US Secretary of State Mike Pompeo said on Wednesday the administration of President Donald Trump was prepared to take military action to stem the crisis in Venezuela.
"The president has been crystal clear and incredibly consistent. Military action is possible. If that's what's required, that's what the United States will do," Pompeo said on Fox Business Network.
Pompeo said the US would prefer a peaceful transition of power, with President Nicolas Maduro leaving and new elections held to choose new leaders.
"But the president has made clear in the event that there comes a moment -- and we will all have to make decisions about when that moment is and the president will ultimately have to make that decision -- he's prepared to do that if that's what's required." In a separate interview with CNN, National Security Advisor John Bolton said Pompeo would be speaking later today with Russian Foreign Minister Sergei Lavrov to discuss the situation.
Bolton and Pompeo have accused Russia and Cuba of standing in the way of a change in the regime in Caracas.
Pompeo said Tuesday that Maduro was set to leave the country for Cuba but apparently was talked out of it by the Russians.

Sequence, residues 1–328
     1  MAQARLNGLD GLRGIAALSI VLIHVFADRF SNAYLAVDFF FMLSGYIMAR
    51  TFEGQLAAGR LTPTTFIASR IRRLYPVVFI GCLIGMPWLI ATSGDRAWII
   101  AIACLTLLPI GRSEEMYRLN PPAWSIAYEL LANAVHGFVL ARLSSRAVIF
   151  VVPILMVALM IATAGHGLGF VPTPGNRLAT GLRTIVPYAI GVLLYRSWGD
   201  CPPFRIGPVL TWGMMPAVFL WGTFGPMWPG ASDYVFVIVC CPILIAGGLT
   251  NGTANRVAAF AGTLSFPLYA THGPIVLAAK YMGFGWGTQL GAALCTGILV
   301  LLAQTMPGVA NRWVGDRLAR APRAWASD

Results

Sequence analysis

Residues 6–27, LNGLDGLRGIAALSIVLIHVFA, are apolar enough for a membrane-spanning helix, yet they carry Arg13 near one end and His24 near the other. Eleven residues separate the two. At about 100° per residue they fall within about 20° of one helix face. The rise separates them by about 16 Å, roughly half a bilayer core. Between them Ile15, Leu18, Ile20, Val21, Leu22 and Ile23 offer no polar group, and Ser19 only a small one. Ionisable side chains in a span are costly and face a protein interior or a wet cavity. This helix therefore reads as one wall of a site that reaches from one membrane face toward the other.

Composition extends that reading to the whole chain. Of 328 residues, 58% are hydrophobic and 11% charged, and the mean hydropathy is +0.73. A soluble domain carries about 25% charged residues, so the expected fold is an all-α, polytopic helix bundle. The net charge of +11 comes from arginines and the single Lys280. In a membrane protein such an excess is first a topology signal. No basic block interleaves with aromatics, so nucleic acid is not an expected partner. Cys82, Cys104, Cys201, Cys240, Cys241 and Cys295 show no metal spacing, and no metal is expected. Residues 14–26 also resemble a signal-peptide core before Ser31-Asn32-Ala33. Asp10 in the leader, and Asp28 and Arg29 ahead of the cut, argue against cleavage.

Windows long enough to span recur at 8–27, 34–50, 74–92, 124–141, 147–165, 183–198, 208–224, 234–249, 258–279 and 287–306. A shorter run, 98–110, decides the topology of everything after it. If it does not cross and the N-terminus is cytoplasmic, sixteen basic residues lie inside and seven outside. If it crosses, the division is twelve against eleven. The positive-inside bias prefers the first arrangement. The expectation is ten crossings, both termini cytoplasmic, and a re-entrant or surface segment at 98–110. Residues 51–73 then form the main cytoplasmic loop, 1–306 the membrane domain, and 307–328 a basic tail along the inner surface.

"The Russians like nothing better than putting a thumb in our eye," Bolton said.
"They're using the Cubans as surrogates. They'd love to get effective control of a country in this hemisphere." "It's not ideological, it's just good old fashioned power politics.
That's why we have the Monroe doctrine which we're dusting off in this administration, why the president indicated last night that the Cubans better think long and hard about what their role is," he added.
The Monroe doctrine is a 19th century US policy opposing interference in the western hemisphere by European powers, which later was invoked to justify US intervention in Latin America.
(Only the headline and picture of this report may have been reworked by the Business Standard staff; the rest of the content is auto-generated from a syndicated feed.)
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